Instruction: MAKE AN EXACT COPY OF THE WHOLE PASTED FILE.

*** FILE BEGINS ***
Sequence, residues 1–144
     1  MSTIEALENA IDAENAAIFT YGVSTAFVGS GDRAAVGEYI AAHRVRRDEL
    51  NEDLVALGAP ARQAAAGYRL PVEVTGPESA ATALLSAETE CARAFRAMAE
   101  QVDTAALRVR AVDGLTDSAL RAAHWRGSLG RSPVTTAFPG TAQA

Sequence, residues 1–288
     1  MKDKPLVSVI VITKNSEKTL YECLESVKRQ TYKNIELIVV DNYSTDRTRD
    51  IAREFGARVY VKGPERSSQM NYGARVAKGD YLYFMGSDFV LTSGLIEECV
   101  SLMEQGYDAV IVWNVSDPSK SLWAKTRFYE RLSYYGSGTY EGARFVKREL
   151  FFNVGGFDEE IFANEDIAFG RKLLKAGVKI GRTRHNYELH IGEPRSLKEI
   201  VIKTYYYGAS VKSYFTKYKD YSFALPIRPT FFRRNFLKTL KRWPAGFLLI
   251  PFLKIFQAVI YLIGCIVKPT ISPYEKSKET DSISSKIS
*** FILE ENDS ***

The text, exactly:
Sequence, residues 1–144
     1  MSTIEALENA IDAENAAIFT YGVSTAFVGS GDRAAVGEYI AAHRVRRDEL
    51  NEDLVALGAP ARQAAAGYRL PVEVTGPESA ATALLSAETE CARAFRAMAE
   101  QVDTAALRVR AVDGLTDSAL RAAHWRGSLG RSPVTTAFPG TAQA

Sequence, residues 1–288
     1  MKDKPLVSVI VITKNSEKTL YECLESVKRQ TYKNIELIVV DNYSTDRTRD
    51  IAREFGARVY VKGPERSSQM NYGARVAKGD YLYFMGSDFV LTSGLIEECV
   101  SLMEQGYDAV IVWNVSDPSK SLWAKTRFYE RLSYYGSGTY EGARFVKREL
   151  FFNVGGFDEE IFANEDIAFG RKLLKAGVKI GRTRHNYELH IGEPRSLKEI
   201  VIKTYYYGAS VKSYFTKYKD YSFALPIRPT FFRRNFLKTL KRWPAGFLLI
   251  PFLKIFQAVI YLIGCIVKPT ISPYEKSKET DSISSKIS